The hall-of-fame broadcaster had begun his career in Brooklyn just a few years after Jackie Robinson broke the color barrier with the Dodgers, becoming the first black man to play in the Majors. He witnessed the racism Robinson faced and had then witnessed the Deep South embrace Aaron less than 30 years later.
Scully’s mastery of mental imagery went beyond historic calls to the everyday moments of the game. He famously humanized players of both teams and regaled listeners with personal anecdotes, as well as superior storytelling. The Wrap compiled some of Scully’s memorable calls, not only the ones I mentioned, but the more humorous ones, such as Scully translating a manager’s profanity-laced tirade for a G-rated audience, learning about Twitter, narrating a brawl between teams, and explaining the history of beards — all while keeping up with calling the game.
Some Dodger fans feel like they have lost a father figure, a man whose calm and reassuring voice let them know everything would be okay and whose gentlemanly behavior taught them how to act. One fan said, “It’s like your childhood…is now really over.”
Indeed, the passing of Scully feels like the end of an era that many Americans wish they could go back to. I think of two calls that remind me of the shift in culture we have experienced. The first was in 1976 as the Dodgers played the Chicago Cubs and two protestors ran onto the field. The protestors knelt down to burn an American flag before Dodger Rick Monday ran in and snatched up the flag. With shock in his voice, Scully said, “I think the guy was going to set fire to the American flag. Can you imagine that? Monday, when he realized what he was going to do, raced over and took the flag away from him. And Rick will get an ovation and properly so. And on the message board it just says, ‘Rick Monday, you just made a great play.’”
The other was a sidebar Scully did on socialism where he said, “Socialism, failing to work as it always does, this time in Venezuela. You talk about giving everybody something free, and all of the sudden there’s no food to eat. And who do you think is the richest person in Venezuela? The daughter of Hugo Chavez. Hello. Anyway, 0 and 2.”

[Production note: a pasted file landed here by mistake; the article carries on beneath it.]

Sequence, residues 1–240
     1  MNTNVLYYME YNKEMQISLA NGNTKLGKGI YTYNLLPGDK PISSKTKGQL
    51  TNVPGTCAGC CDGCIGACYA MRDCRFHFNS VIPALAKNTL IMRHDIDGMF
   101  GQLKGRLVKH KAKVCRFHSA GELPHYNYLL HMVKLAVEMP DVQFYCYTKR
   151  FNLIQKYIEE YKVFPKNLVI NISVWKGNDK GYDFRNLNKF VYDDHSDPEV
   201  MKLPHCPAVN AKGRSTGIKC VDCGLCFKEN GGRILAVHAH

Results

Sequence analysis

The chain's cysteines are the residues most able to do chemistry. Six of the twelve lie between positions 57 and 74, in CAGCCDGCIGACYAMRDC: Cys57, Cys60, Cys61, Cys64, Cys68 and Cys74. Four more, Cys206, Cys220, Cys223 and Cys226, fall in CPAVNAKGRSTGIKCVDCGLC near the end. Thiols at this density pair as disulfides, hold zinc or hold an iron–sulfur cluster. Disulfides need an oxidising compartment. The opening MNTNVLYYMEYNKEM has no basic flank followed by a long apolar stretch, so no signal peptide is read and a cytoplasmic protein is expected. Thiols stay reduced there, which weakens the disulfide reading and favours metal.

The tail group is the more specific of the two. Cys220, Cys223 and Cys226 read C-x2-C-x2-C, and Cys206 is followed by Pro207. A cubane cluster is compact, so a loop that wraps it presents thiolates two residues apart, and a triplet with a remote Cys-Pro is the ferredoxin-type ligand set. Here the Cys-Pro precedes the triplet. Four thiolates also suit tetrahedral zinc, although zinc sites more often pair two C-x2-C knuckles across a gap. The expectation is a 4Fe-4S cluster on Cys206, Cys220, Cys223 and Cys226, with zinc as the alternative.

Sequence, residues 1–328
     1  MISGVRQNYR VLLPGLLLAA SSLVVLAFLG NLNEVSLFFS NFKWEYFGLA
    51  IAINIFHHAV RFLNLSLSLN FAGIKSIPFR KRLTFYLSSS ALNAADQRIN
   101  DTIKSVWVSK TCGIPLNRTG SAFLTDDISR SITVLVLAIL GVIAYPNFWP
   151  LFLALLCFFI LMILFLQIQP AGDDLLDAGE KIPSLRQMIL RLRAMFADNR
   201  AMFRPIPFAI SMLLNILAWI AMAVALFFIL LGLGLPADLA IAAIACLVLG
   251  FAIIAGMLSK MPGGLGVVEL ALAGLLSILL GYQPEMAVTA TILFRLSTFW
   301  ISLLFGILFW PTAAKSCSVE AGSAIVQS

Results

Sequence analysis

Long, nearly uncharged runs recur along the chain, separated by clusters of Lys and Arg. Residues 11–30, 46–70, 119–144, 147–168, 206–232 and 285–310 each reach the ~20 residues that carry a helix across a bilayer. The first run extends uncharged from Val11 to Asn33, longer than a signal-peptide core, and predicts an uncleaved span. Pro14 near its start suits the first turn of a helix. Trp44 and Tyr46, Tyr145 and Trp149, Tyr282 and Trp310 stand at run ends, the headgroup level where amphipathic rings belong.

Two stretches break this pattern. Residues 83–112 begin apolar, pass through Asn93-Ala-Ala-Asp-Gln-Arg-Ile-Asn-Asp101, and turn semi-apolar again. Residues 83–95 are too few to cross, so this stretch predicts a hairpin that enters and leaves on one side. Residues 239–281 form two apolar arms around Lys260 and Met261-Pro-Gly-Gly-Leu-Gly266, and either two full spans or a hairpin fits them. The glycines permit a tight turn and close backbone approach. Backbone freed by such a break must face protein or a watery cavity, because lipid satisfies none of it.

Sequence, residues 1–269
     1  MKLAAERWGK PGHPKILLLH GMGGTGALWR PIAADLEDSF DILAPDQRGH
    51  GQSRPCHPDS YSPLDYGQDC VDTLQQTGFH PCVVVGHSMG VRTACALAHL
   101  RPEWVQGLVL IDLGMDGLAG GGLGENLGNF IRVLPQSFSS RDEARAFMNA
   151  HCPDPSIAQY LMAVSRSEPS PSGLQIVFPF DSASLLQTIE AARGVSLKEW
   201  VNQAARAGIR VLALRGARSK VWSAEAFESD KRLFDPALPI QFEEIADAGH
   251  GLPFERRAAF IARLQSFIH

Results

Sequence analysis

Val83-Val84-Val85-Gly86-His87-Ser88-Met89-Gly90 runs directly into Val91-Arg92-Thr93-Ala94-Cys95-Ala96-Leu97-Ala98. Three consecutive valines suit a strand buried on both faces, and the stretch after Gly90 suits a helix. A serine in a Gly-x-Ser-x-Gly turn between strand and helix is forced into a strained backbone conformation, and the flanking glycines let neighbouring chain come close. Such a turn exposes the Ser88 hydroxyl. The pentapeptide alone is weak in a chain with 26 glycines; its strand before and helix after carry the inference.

In a day where members of sports media and athletes applaud protesting the flag and promoting wokeism which divides the country, Scully, who lived through the Great Depression, World War II, and the Cold War, remained loyal to his principles and his country and told it like it was.
What grounded Scully was his faith. A devout Roman Catholic, Scully told Angelus News that through all the hardships he faced, such as losing his father when Vin was 5, losing his first wife, Joan, and the tragic death of his son Michael, “Faith is the one thing that makes it work, makes me keep going. You appreciate what you’ve been given. You know, this isn’t the only stop on the train. There’s one big one we’re still waiting for. I used my faith to guide me straight and narrow and strong, for sure. I think about that every week when I’m in line going up to the rail to receive Communion. That’s a pretty important moment. It always was and always will be.”
While others have heaped praise on Scully for decades, he never took credit for his historic calls. “God has been incredibly kind to allow me to be in the position to watch and to broadcast all these somewhat monumental events. I’m really filled with thanksgiving and the fact that I’ve been given such a chance to view. But none of those are my achievements; I just happened to be there.… I know some people won’t understand it, but I think it has been God’s generosity to put me in these places and let me enjoy it.”
It was his humility and kindness possibly more so than his gift for language or his voice that made Scully beloved by all. Everywhere you look there are stories of his impact on players, broadcasters, and fans—all because of his grace and compassion. Stories of Scully taking time for others and teaching others how to act abound.
His legacy can be summed up by how he said he saw himself, “a very normal guy,” and how he hoped others saw him. “I just want to be remembered as a good man, an honest man, and one who lived up to his own beliefs,” he said.
Believe me, Mr. Scully, you will be.
Ready to dive deeper into the intersection of faith and policy? Head over to our Theology of Politics series page where we’ve published several long-form pieces that will help Christians navigate where their faith should direct them on political issues.